Royal Air Force
It is not easy to compute exact figures for aircraft at the outbreak of the Second World War in 1939 since some were trainers, some unserviceable, and some obsolescent. The Germans had substantial but not overwhelming numerical superiority with some 4,000 planes to Britain's 2,000: the French air force, in poor shape, had some 1,500. But while the British figures included sedate Gloster Gladiators and Hawker Furies (not very furious with a top speed of 223 m.p.h. and introduced in 1931), the Luftwaffe had been completely re-equipped after Hitler's rise to power.
A major problem for the Royal Air Force was the spread of its commitments, especially after the entry of Italy (1940) and Japan (1941) extended the war to north Africa and the Pacific. But it received vital help from the Dominions' air forces, which provided about a quarter of the squadrons. From the fall of France in May 1940 the role of the RAF was essentially defensive, save for raids on enemy airfields and occasional bombing attacks to boost morale. During the Battle of Britain its resources were severely stretched, even more in trained aircrew than in machines, with the life expectation for fighter pilots down to four or five weeks. On 8 August 1940, Goering issued an order to ‘wipe the British Air Force from the sky’. But his first surprise was that the Stuka dive-bombers, which had spread such terror in Poland and France, proved slow and vulnerable to Spitfires and Hurricanes. The Luftwaffe, operating over enemy territory and using bombers, suffered disproportionate losses in aircrew. The number of planes lost is a matter of dispute, since both sides issued exaggerated claims for kills, but the Germans lost about twice the number of machines. What is not in dispute is that the Royal Air Force was not destroyed, that Goering switched to softer targets with raids on British cities, and that operation Sealion, the invasion of Britain, was called off.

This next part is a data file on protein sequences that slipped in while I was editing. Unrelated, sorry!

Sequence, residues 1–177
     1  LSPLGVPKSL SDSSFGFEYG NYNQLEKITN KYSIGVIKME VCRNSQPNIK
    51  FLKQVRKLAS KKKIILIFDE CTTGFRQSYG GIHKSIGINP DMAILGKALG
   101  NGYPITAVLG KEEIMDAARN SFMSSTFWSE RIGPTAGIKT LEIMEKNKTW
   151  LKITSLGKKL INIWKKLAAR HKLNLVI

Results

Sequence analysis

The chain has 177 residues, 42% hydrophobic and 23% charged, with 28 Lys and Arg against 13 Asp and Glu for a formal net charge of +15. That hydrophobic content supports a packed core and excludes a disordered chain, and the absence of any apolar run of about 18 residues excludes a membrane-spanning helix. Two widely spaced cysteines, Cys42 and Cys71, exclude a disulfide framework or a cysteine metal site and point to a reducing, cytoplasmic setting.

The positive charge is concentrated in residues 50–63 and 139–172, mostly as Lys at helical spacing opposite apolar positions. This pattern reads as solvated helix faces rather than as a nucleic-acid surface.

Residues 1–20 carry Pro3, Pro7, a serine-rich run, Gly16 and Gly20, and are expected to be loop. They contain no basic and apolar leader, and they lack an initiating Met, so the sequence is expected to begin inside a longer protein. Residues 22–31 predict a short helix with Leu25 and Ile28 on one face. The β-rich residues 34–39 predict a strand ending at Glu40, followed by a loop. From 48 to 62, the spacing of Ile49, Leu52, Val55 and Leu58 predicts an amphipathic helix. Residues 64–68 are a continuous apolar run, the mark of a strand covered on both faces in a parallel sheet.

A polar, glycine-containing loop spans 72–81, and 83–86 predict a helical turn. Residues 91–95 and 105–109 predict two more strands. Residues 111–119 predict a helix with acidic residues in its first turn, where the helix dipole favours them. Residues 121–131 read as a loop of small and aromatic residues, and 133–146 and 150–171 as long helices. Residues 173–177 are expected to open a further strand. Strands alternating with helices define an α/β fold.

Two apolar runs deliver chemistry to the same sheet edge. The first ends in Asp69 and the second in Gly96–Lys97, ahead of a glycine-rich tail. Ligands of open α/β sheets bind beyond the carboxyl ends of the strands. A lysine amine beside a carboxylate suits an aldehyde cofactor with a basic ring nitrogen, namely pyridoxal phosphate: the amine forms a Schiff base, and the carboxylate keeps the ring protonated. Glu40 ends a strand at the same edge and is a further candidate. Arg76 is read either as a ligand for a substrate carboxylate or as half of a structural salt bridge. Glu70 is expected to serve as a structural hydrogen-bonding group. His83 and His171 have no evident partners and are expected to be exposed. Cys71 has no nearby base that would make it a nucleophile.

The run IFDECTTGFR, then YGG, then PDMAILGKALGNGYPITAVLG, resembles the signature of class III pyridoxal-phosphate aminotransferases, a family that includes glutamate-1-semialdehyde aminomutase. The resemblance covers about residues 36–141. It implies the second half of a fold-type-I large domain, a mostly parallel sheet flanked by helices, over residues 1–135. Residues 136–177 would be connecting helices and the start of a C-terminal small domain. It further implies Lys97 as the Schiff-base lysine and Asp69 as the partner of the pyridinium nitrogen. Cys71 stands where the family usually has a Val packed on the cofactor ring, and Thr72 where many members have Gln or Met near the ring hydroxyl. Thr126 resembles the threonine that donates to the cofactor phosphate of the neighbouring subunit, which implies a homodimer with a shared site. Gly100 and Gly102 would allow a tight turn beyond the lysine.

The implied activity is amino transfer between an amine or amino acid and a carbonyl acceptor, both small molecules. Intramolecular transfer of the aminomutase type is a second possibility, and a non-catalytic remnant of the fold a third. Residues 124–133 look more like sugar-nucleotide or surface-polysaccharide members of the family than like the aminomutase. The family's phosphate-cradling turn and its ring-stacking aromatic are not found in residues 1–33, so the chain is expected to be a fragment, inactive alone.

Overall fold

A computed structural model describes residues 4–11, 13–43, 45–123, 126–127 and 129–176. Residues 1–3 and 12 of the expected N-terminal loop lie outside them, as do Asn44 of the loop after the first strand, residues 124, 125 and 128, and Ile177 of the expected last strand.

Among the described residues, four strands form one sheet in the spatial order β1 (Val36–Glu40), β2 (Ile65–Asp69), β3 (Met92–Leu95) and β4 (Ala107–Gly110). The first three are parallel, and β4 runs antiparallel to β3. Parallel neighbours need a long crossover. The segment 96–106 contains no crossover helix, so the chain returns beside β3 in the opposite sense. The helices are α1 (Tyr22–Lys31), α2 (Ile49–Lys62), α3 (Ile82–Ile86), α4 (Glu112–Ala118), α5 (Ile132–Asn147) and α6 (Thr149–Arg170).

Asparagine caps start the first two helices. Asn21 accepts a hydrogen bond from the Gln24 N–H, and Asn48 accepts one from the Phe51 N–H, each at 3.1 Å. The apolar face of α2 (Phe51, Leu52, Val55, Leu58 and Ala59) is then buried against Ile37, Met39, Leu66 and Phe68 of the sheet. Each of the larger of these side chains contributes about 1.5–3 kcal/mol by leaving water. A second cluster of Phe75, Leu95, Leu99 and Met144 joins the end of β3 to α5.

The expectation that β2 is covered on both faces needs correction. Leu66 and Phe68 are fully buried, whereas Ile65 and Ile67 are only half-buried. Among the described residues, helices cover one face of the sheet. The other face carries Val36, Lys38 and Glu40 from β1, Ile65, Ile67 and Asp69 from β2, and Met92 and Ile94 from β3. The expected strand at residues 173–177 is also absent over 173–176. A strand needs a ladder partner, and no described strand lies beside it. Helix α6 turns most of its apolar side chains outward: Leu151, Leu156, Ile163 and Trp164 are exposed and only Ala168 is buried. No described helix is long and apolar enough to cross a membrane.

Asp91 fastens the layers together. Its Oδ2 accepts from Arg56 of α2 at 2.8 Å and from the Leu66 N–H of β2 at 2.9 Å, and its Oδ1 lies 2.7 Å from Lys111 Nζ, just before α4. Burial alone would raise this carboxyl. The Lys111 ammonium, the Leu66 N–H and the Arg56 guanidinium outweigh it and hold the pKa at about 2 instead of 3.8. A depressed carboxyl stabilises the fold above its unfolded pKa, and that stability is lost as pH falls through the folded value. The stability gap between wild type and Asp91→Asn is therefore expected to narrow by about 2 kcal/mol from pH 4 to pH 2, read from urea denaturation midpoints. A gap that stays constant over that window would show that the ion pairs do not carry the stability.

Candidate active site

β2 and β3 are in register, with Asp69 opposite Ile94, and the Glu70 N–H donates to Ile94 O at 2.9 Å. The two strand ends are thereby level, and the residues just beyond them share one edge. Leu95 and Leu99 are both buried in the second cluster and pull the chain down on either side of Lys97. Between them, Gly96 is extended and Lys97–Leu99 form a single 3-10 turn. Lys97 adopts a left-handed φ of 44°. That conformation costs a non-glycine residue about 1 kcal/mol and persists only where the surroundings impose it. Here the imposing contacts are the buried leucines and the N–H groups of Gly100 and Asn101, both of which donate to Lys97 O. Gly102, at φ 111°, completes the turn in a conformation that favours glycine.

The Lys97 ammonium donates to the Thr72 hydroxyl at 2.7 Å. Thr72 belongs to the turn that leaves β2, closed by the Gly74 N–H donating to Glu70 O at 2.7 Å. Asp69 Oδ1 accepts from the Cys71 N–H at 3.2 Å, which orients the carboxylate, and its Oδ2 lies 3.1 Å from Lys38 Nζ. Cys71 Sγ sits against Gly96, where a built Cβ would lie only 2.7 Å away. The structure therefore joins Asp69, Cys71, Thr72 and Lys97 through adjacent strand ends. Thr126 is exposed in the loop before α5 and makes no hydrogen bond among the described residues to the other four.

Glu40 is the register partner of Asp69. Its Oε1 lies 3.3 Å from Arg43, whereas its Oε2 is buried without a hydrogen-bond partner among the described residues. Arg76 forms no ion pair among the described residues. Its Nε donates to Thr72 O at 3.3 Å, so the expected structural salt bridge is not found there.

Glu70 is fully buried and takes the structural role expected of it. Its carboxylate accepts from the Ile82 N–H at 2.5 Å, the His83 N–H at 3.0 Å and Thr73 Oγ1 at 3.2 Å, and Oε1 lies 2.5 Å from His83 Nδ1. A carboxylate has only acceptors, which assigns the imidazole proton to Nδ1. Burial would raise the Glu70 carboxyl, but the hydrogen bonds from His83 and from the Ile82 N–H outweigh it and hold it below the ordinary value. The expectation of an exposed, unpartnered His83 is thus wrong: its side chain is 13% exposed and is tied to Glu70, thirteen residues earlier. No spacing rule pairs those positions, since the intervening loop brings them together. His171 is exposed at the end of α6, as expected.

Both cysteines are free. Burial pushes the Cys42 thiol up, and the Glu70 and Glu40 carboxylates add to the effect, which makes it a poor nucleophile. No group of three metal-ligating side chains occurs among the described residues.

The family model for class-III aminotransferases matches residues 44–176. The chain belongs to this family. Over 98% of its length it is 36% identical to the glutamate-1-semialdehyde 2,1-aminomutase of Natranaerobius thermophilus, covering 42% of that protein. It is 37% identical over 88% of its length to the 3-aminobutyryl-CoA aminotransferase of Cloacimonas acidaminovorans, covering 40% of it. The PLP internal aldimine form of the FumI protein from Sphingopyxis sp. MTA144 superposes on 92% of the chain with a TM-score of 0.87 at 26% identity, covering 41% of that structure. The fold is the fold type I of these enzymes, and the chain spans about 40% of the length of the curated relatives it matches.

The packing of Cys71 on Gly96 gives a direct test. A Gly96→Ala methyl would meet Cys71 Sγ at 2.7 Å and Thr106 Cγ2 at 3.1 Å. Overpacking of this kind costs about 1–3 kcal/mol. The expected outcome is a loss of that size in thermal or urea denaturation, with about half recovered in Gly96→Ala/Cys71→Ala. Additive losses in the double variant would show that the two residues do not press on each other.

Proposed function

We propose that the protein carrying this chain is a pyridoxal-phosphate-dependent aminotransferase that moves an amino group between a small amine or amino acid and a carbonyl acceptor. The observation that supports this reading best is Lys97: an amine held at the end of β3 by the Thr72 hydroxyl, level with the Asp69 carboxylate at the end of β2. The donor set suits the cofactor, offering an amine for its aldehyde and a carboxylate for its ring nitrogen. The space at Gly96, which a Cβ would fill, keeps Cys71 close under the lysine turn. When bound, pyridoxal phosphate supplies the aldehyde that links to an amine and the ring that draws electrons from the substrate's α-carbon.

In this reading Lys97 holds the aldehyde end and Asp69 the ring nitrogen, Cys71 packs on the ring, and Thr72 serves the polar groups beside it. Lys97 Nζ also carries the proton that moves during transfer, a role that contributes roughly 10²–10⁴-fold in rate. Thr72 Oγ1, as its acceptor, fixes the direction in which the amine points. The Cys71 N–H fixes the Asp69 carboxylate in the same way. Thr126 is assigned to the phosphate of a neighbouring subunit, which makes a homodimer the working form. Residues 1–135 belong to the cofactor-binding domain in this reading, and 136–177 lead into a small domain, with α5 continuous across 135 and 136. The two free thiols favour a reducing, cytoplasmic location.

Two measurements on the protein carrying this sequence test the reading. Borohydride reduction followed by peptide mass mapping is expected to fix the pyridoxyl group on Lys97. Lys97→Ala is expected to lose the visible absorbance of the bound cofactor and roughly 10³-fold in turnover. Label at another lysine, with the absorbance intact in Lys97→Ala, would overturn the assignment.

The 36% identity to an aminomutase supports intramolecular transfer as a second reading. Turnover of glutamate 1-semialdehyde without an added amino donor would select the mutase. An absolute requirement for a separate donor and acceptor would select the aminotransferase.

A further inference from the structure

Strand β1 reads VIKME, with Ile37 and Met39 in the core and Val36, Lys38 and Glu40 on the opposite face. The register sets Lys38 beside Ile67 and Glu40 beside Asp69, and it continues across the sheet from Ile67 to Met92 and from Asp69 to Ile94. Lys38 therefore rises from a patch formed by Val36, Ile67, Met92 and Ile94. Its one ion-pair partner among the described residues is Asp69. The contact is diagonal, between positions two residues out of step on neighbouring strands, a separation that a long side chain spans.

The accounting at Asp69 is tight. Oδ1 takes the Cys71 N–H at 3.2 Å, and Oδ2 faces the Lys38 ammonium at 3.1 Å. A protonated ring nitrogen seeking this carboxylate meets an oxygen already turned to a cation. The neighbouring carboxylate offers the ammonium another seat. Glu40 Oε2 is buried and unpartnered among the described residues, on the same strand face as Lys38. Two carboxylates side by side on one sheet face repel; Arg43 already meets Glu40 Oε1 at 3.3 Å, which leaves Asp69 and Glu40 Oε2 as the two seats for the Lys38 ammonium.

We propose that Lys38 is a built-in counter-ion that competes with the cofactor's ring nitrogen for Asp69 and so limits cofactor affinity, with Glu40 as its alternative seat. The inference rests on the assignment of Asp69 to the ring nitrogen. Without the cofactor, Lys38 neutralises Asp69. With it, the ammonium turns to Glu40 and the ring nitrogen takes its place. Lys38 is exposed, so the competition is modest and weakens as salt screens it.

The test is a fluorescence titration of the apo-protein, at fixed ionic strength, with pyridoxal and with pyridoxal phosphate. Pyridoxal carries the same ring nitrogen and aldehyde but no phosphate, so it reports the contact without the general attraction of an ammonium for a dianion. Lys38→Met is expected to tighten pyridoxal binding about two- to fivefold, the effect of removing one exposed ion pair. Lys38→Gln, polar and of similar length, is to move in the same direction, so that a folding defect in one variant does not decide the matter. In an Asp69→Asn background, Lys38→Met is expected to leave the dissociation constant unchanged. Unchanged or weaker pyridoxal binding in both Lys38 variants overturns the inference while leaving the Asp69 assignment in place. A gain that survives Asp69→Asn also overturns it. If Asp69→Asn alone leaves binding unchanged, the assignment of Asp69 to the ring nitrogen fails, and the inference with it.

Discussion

Meanwhile Coastal Command struggled against the U-boat menace. More than 120 merchant ships were sunk in the month of March 1943 alone. But by May 1943 better-organized convoys, improved weapons of attack, and the introduction of new long-range aircraft like the Sunderland, Catalina, and Liberator, which could bridge the ‘Atlantic gap’, gave Britain the edge.
The counter-offensive could now develop. The strategic issue became whether a massive bombing campaign could pound Germany into surrender without the need for a bloody invasion. The great proponent of that view was ‘Bomber’ Harris. In June 1942 he mustered a scratch force of just over 1,000 aircraft (including training personnel) for a demonstration onslaught on Cologne, and followed up his success with a memo against ‘the disastrous policy of military intervention in land campaigns of Europe’. But the evidence is dubious. Churchill pointed out that civilian morale is often surprisingly resilient under intolerable suffering, mass bombing was less destructive of the German war effort than had been hoped, and aircraft losses were very heavy. Bomber Command lost 55,000 men during the war—more, it has been said, than all the officers killed in the First World War. Until the end of 1944 German production of tanks, guns, and fighter aircraft continued to increase, with factories camouflaged and dispersed. Allied air power was also needed to cover the Normandy landings in June 1944, to deal with the V1 flying bombs which began to arrive in Britain a week after D-Day, and to attack launching sites for V2 rockets from September 1944 onwards.
Since the end of the Second World War, the Royal Air Force has taken part in a number of campaigns—the Berlin Airlift of 1948/9 when 147 planes flew more than 63,000 sorties; the Suez operation in 1956 when Egyptian airfields were bombed; the Falklands War of 1982 when the possession of Ascension Island was critical and air cover was provided largely by ship-borne Harriers; and the Gulf War of 1990 when the Tornado squadron in its low-level attacks had a bad first week. But its main tasks from the 1950s were to carry the British nuclear deterrent in the V-bomber force and to retain operational efficiency in the face of shrinking resources.
J. A. Cannon
Raleigh, W. A., and and Jones, H. A. , The War in the Air: Being the Story of the Part Played in the Great War by the Royal Air Force (6 vols., Oxford, 1922– );
Terraine, J. , The Right of the Line: The Royal Air Force in the European War 1939–1945 (1985).